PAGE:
While his first MCU foray seemed to peter out after one film, Hulk would eventually get a second chance. Distribution rights may have made for tough sledding with a Hulk solo movie, but over the following years, Marvel rehabilitated the Jade Giant by utilizing him as a stellar supporting character. This began with the wise move of casting Mark Ruffalo for the role. The actor instantly won over the hearts of the fans when he arrived on screen. Banner's MCU storyline was also largely reset — he once again didn't get along with Hulk and was clearly scared of letting "the Other Guy" get in the driver seat.

The Banner/Hulk combo made a big splash with audiences in Avengers, leading to the decision to have Banner pop in for a quick "counseling" session with Tony Stark in the post-credits scene for Iron Man 3. The pair showed up again in the second Avengers film, in which they both play a major role in bringing down the apocalyptic threat of Ultron. However, at that point in the franchise, they were still pretty much just supporting players in an ever-growing universe.

It wasn't until 2017 that CinemaBlend reported that Ruffalo and Marvel boss Kevin Feige had sat down to chat about Hulk's future in the MCU. The results of the conversation would change everything yet again — they decided to give him his own "special trilogy."

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From Ultron to Ragnarok

Feige and Ruffalo's conversation ended up boiling down to a single Hulk storyline that would be split up over the course of three other characters' movies. The plan was perfect. It side-stepped the distribution issues by avoiding casting Hulk as a titular character in any of the three films, but it still allowed for plenty of time to create a character arc with a meaningful impact — something Hulk hadn't experienced up to that point.

Things kick off at the very end of Avengers: Age of Ultron, with Hulk flying off in the Avengers' Quinjet. From there, he remains safely tucked away in space as the events of five more Marvel films pass by — including Captain America: Civil War, in which his old nemesis, Secretary of State Thaddeus Ross, raises the question of his whereabouts. The Infinity Saga narrative doesn't reconnect with the Green Machine live and in the flesh until Thor: Ragnarok, in which the "Lord of Thunder" discovers his "Friend from Work" on the garbage planet of Sakaar. From there, it's finally explained that Hulk had arrived on the planet two years earlier (at least according to Earth time), having since gone on to become the Grandmaster's gladiatorial champion. Critically, he had also been the Hulk that entire time.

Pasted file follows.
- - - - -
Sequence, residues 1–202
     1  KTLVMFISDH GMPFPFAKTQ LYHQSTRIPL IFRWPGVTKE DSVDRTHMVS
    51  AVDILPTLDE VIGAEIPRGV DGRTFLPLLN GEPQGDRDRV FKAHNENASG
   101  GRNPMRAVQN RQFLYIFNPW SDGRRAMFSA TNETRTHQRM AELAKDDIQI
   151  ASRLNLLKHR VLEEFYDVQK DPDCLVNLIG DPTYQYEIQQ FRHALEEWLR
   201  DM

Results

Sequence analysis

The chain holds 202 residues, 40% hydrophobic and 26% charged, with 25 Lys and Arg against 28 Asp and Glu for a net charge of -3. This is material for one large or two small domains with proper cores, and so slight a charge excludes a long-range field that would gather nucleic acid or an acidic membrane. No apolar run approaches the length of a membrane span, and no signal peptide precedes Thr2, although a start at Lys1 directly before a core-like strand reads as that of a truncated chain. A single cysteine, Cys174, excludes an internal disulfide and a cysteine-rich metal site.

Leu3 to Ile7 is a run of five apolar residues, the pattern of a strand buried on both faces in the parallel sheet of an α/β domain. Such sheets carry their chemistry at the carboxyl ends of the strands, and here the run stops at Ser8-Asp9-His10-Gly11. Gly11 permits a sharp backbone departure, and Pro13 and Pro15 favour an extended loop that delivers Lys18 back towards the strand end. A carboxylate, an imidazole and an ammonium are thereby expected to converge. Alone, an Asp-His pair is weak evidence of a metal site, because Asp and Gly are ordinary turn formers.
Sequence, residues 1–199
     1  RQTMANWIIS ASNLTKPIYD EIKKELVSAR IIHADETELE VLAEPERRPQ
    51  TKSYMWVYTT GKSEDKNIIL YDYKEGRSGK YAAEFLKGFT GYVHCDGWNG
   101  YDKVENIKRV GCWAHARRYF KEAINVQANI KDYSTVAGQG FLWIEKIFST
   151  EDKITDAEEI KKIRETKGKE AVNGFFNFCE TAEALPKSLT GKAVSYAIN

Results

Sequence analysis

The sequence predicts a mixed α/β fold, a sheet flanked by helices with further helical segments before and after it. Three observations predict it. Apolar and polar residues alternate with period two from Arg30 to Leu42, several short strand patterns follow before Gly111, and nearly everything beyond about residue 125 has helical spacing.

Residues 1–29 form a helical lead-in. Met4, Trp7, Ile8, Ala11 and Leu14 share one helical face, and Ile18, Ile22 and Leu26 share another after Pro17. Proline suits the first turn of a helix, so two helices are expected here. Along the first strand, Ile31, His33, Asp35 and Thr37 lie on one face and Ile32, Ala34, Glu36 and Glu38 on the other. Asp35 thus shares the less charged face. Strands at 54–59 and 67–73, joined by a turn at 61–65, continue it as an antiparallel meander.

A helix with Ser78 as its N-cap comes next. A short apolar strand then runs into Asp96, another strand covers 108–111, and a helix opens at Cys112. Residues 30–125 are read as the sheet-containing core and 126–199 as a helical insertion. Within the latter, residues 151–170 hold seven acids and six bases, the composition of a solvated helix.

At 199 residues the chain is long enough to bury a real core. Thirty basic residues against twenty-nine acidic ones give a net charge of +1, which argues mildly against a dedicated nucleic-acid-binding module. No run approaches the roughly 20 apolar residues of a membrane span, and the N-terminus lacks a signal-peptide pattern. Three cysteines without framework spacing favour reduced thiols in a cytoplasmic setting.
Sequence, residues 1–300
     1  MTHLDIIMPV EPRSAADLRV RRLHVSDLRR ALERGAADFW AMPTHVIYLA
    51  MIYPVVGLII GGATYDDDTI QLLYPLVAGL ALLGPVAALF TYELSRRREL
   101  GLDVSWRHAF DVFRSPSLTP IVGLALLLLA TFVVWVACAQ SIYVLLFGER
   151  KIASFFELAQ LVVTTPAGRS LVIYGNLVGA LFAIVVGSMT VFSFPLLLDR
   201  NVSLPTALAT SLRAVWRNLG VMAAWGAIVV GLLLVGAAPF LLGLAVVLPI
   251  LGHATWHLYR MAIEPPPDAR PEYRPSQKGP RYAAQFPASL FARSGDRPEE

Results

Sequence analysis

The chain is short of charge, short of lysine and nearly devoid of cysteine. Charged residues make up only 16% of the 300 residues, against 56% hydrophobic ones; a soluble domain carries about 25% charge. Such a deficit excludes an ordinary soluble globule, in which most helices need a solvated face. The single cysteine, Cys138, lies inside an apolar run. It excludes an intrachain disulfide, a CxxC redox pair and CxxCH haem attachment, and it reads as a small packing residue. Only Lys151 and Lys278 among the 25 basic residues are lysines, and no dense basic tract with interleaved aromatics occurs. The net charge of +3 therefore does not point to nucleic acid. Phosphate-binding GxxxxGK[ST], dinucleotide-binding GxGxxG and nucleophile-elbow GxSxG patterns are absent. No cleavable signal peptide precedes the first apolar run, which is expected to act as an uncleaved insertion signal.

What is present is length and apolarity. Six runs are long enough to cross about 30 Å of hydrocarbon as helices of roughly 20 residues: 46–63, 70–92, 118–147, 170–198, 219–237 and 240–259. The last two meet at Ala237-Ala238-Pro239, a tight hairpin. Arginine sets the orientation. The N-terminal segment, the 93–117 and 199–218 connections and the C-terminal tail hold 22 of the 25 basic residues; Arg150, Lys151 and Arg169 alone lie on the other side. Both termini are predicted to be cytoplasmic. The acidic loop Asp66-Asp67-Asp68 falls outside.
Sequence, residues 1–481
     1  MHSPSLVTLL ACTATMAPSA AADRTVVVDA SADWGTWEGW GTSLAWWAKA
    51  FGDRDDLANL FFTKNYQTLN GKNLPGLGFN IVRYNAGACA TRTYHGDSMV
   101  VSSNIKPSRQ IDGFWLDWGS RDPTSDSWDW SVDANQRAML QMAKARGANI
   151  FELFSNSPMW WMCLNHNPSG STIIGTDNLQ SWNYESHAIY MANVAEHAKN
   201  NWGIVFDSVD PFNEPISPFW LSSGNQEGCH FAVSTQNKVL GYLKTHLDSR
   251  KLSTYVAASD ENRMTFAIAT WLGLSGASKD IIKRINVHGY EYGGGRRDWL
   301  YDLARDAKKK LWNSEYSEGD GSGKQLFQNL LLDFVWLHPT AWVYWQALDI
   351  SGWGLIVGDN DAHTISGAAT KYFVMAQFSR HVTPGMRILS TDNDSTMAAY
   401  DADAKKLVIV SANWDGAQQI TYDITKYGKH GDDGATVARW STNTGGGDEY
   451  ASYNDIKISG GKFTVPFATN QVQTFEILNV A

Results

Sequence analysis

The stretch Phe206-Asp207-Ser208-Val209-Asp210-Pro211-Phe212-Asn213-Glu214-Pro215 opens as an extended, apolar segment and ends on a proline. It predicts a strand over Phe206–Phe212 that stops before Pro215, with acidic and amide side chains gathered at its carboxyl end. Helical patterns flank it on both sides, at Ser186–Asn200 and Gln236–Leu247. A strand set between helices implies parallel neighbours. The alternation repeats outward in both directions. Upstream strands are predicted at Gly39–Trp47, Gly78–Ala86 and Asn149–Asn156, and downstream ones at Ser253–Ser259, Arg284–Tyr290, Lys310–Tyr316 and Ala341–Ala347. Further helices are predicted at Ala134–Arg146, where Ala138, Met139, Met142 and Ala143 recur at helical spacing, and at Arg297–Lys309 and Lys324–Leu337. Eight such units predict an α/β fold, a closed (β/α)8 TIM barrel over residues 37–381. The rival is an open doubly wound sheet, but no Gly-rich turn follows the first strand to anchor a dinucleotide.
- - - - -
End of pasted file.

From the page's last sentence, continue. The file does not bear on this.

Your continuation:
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The Revenger

Hulk's presence throughout Ragnarok is a perfect compliment to Thor's story. And yet, at the same time, it also serves as a vehicle to propel his own story through the first third of its "three-movie-arc." After their electrifying first encounter in the gladiatorial arena, the two friends have a long, enlightening, and downright hilarious conversation that shows a new side to Hulk's character. While he's still very rough around the edges, the Big Guy has clearly matured quite a bit during his tenure on Sakaar.

Over the course of their conversation, Hulk talks in full sentences and reveals his attachment to his new, Banner-free life. Nevertheless, shortly afterward, the pair visit the Quinjet, where a recording of Natasha Romanoff helps Banner regain control for the first time in years. From there, the good doctor joins the newly-minted team of "Revengers" and heads off to Asgard to help Thor unseat Hela.

It's here, on Asgard, that the first portion of the character's "trilogy" concludes. While it's easy to highlight things like Hulk taking on Fenris and jump-smacking Surtur, though, probably the most heroic moment of the entire movie comes when Banner willingly lets Hulk regain control — with no guarantee of ever coming out again — in the name of saving Asgard. The film ends with the character still Hulked out and on the ship with the surviving Asgardians, headed for Earth.

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The Infinity War dilemma

Things quickly went south upon the release of Avengers: Infinity War the following year. The third Avengers film opens with the Asgardian ship already overrun by Thanos, and within the first few minutes, Hulk is in the thick of it. But this time, things don't go according to plan, and the Green Machine ends up down for the count after taking a few clever blows from his savvy opponent. At that point, Heimdall uses his last strength to summon the Bifrost and send Hulk hurtling back to Earth, where he arrives in NYC, back in Banner form. From then on, Hulk refuses to join in the fight.

Fans believed that Hulk might play a bruising, muscle-bound part in the fight against Thanos, but the deliberate withdrawal of the character after the opening scene ultimately makes his arc that much more interesting. The truth is, Hulk had been little more than a pawn in the Avengers' plans up until this point, only being whipped out to save the day when danger was about to strike. His time on Sakaar gave him a taste of freedom, and the Big Guy liked it.